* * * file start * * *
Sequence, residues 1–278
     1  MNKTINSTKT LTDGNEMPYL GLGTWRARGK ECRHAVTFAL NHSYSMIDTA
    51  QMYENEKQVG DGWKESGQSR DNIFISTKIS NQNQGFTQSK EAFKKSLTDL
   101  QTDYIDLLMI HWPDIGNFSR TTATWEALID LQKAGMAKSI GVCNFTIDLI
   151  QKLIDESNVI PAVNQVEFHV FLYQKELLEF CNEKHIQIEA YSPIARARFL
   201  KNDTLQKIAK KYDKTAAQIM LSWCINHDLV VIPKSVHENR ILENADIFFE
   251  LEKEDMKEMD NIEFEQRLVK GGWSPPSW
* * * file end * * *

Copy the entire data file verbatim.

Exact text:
Sequence, residues 1–278
     1  MNKTINSTKT LTDGNEMPYL GLGTWRARGK ECRHAVTFAL NHSYSMIDTA
    51  QMYENEKQVG DGWKESGQSR DNIFISTKIS NQNQGFTQSK EAFKKSLTDL
   101  QTDYIDLLMI HWPDIGNFSR TTATWEALID LQKAGMAKSI GVCNFTIDLI
   151  QKLIDESNVI PAVNQVEFHV FLYQKELLEF CNEKHIQIEA YSPIARARFL
   201  KNDTLQKIAK KYDKTAAQIM LSWCINHDLV VIPKSVHENR ILENADIFFE
   251  LEKEDMKEMD NIEFEQRLVK GGWSPPSW